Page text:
Obama’s Engagement With Wall Street

President Obama has often advocated “engagement,” rather than confrontation, with America’s adversaries. It’s one of the big reasons his nomination of like-minded former Sen. Chuck Hagel for defense secretary has run into a buzz saw of opposition.

In contrast, Obama’s selection of Mary Jo White to head the Securities and Exchange Commission has been viewed as the president sending a message to Wall Street that there will be no more Mr. (or Ms.) Nice Guy in Washington, D.C. White, a former federal prosecutor, is widely seen as someone who is prepared to be tougher on financial wrongdoing than was former SEC head Mary Schapiro, who stepped down last year. (A Schapiro deputy, Elisse Walter, has filled in since Schapiro’s departure.)

In large part thanks to this perception of toughness, White’s nomination is likely to sail through the Senate confirmation process.

Perception and reality are often very different, however, and this strikes me as one of those instances. While there is no reason to believe White would be soft on financial wrongdoing, or shy about asserting the SEC’s regulatory authority over securities and markets, she does not seem to be the sort of regulator who would aim enforcement at whoever happens to be the latest scapegoat targeted by politicians or the public. Business executives, including those on Wall Street, have no problem working with a regulator who enforces the law but respects its limits – which is the sort of regulator White seems likely to be.

White served as U.S. attorney in Manhattan, which is where most federal financial crime prosecutions take place. White herself, however, is not known personally for having been a sheriff on Wall Street, which experienced the inflation and then the bursting of the tech bubble during her nine-year tenure. Her work was instead marked by notable cases involving terrorism and organized crime. Since she left that position in 2002, she has worked as a partner at the private firm Debevoise and Plimpton, often defending the sort of corporate clients the SEC itself targeted in recent years.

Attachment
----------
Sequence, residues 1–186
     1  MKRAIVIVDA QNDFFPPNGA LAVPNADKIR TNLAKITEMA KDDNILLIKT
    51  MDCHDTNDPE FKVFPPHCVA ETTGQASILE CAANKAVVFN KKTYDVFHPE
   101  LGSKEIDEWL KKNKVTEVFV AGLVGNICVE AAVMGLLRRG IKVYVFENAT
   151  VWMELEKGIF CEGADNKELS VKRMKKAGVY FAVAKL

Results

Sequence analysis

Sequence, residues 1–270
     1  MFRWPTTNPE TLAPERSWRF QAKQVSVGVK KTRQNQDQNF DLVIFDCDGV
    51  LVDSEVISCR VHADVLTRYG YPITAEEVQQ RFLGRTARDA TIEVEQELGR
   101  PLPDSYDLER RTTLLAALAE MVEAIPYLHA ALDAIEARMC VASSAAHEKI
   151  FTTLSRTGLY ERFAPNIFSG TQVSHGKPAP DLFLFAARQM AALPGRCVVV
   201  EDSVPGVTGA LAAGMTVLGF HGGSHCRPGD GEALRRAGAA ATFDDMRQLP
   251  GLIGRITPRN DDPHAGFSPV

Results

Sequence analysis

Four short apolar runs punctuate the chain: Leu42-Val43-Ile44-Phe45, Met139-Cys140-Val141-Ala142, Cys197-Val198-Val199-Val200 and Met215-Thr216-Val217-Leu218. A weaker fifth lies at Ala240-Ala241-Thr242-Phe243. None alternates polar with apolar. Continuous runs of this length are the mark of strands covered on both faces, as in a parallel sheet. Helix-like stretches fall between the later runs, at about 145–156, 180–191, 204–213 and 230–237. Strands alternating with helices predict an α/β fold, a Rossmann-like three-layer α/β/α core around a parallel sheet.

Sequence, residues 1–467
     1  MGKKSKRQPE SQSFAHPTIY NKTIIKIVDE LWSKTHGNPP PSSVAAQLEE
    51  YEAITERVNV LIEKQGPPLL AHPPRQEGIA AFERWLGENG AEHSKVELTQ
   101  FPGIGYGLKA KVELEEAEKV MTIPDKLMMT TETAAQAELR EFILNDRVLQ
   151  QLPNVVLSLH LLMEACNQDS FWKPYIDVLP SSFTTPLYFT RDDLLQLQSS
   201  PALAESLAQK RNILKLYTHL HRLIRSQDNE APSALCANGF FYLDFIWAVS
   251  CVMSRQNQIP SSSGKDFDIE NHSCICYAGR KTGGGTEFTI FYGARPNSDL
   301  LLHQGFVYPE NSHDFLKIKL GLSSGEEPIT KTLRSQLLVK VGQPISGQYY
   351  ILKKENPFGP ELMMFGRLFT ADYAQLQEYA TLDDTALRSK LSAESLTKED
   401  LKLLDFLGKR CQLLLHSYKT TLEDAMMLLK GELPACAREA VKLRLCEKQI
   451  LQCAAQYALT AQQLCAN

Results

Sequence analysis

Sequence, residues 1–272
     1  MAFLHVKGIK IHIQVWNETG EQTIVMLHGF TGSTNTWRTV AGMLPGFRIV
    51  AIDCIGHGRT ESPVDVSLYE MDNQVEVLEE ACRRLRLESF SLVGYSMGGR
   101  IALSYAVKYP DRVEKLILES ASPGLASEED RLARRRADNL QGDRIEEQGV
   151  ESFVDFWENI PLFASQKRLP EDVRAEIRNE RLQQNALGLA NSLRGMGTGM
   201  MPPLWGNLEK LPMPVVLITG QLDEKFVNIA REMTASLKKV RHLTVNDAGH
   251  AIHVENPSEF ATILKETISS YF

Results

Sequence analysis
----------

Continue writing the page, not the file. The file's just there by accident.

The general perception, however, still seems to be that White will be aggressive in holding individuals accountable for alleged financial misconduct, and that she will seek harsher penalties against institutions than Schapiro did. Advocacy groups for market accountability largely support her nomination. Dennis Kelleher, the president of Better Markets, said of White: “She knew who the bad guys were, went after them and put them in prison when they broke the law. That’s what must happen if integrity and investor confidence is to be restored in our securities markets.” Her reputation for toughness seems to have heartened those who advocate harsher measures from the SEC.

Yet the available record indicates that, if she is confirmed, White will be more focused on pursuing deliberate misconduct, rather than seeking scapegoats for decisions that may have been mistakes but were not ill-intentioned or criminal. Last February, she said at a New York University School of Law event that prosecutors must not “fail to distinguish what is actually criminal and what is just mistaken behavior, what is even reckless risk-taking, and not bow to the frenzy.” The SEC has had some trouble with that distinction in the past.

Certainly the SEC has not failed to successfully bring aggressive prosecution against individuals or institutions involved in the financial crisis because of any lack of interest on the agency’s part. Nor has it failed because of ineffective investigation techniques. The agency failed because, for the most part, the things that went wrong in the 2007-2009 crisis were not crimes.

Bill Singer, a former attorney for the American Stock Exchange and the National Association of Securities Dealers, said in comparing her to Schapiro, “Mary Jo White needs to come into the SEC with a sledgehammer, not a with a putty knife.” I suspect White will use whatever implement she feels is appropriate for the job at hand. That’s not a bad quality in someone poised to run an agency in danger of becoming overly politicized.